• Back upstairs, I plan to spend 45-60 minutes instructing students in lab on a new enclosure or repair, depending on what they have yet to learn. Invariably, this takes 2 hours instead and we have yet to complete it. I'll have to remember to finish training once the student is back in again, by which point they will have forgotten how to start the repair.
  • I return to my email, responding to requests for meetings and to see if a missing book is in our lab, despite the lack of documentation of it being here. Hoping we'll find it (because it's missing) but hoping it won't be in lab (because that means I failed to document it's arrival), available students and I search the lab for an hour with no luck. The day is just about over and I take the last 20 minutes to work on the website I need to create for our department. Or maybe update our treatment manual. Or the backlog of special projects. Either way, it's clearly something that always gets pushed to the back burner! Calling it a day, I check the lab for tools plugged in, lights and music left on, before locking the doors. I didn't get as much done as I wanted (I always say this) but at least there were no leaks or other collection-related disasters to respond to. That means it was a good day.

Friday, July 9, 2010

"Librarians always look like librarians who are trying not to look like librarians..."

"...Even librarians who try not to look like librarians look like librarians trying not to look like librarians." (Unknown)

As usual, I'm a little behind. :) I have returned from the sweltering D.C. area, full of great ideas and new contacts, with sore shoulders from carrying tote bags full of books, and a SmarTrip card still loaded with money. And in reference to the quote above, I enjoyed my game of "Let's spot the librarians (with and without ID badges in public) while roaming the streets of D.C." I can, in all honesty, say it was fairly easy. Frankly, either you were in your forties and up and dressed like a "traditional" librarian or you were young and looking very hipster (myself included although I REFUSED to wear tennis shoes and look like a tourist). I did have people actually stop and ask me for directions. I despise looking like a tourist. In this pic, I do have my comfortable Teva's on, but note the giant bag? I lived out of it during the conference since I was staying about an hour and a half away from DC. This was at the Da Vinci exhibit at the National Geographic Museum, right across from one of the conference hotels. Pretty neat exhibit. I'll post something here or on Flickr later (I'm OBVIOUSLY behind).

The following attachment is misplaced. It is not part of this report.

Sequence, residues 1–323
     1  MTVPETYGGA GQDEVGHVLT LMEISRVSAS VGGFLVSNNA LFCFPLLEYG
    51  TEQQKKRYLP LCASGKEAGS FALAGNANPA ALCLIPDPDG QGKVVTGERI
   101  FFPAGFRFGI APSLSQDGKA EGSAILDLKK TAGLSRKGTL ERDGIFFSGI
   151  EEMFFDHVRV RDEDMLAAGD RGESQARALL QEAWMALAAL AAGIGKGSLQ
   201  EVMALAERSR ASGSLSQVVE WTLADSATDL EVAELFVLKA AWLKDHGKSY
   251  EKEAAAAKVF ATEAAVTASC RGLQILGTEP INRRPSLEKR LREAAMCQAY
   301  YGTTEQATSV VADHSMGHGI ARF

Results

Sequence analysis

In summary, ALA was great! I enjoyed myself immensely, went to meetings that were chock full of information, and even managed to scope out an exhibit or two. Surrounded by my peers at the PAIG and Book and Paper Interest Group meetings, it was an exhilarating feeling to be a part of discussions that concern my own job responsibilities. I haven't felt this way since, well I would say grad school but that's not exactly true. Ha! Anyway, there was still a good bit of discussion concerning the demise of UT's MLIS Conservator program and talks of which institutions are going to pick up the reins; also, is the MLIS degree necessary for conservators wishing to do just benchwork? And are some conservators not considering circulating collections to be desirable? I certainly agree with many of the attendees that the degree is necessary. Consider how easy it is now to take classes online and how often it is hiring policy to require certain degrees. I think if the MLIS comes bundled, why not? You never know what you are going to desire to do later and it can't hurt having the degree. Then again, I could also say if it's that easy to get, just go back if you need it. It's up to the individual I suppose but I prefer to get the hard work out of the way early on and relax later. Finally, James Reilly from the Image Permanence Institute gave a presentation on new points of view concerning environmental control and monitoring, which I won't summarize. I'm sure someone else has already done a better job of that.

At the Book and Paper group, I found the Co-Chair Beth Doyle (from Duke University's Preservation Department) exceedingly helpful. She led a great session (again, talk of the conservator program) but had a lot of information that she shared concerning her own department's activities. The creation of their blog (which I had already come across) was a great talking point because (as I will be in charge of our departmental website, which has yet to exist) I've been prowling for ideas. A blog is one I've considered (considering that I already like to write one?) but I just wasn't sure that it would be worth it. Beth provided a number of points to consider, one of which being what they get out of it (hard to measure). Additionally, she shared some of the ways their department has tried to cut costs and since professional education is usually quick to go....Needless to say, ways to educate themselves was high on the list. Her idea (which I would LOVE to implement in Pittsburgh) was to gather local bookbinders together, use the lab as a free space (they buy their own supplies) and utilize each others' knowledge to learn historic book structures. I was practically drooling in my cushy seat.

Another session/tour that I ADORED was Preservation Forensics & Document Optical Archaeology at the Library of Congress. Honestly, so much information was conveyed that in my rush to explain it all, it would sound like mumbo jumbo. I'll have to find a good summary and share it. But there are just some amazing this they can do with technology and the women of the Preservation Research and Testing Division are AMAZING. Their enthusiasm for their job was obvious and infectious. A colleague and I wanted to kidnap them for dinner they were so lovely. AND (drumroll please).....guess what I stood next to?! And even accidentally brushed?! Yes, folks, that is a steel encased Declaration of Independence draft. If my colleague hadn't pointed it out, I would have been none the wiser. I could have died on the spot. AND if you saw the news article post-ALA '10 that showed the hidden word on the Declaration of Independence draft...we got to see it first! Lastly, I loved their chairs (designed to be sat on frontwards and backwards) and their scanner which scans up to 6000 dpi. Crazy.

(To be continued)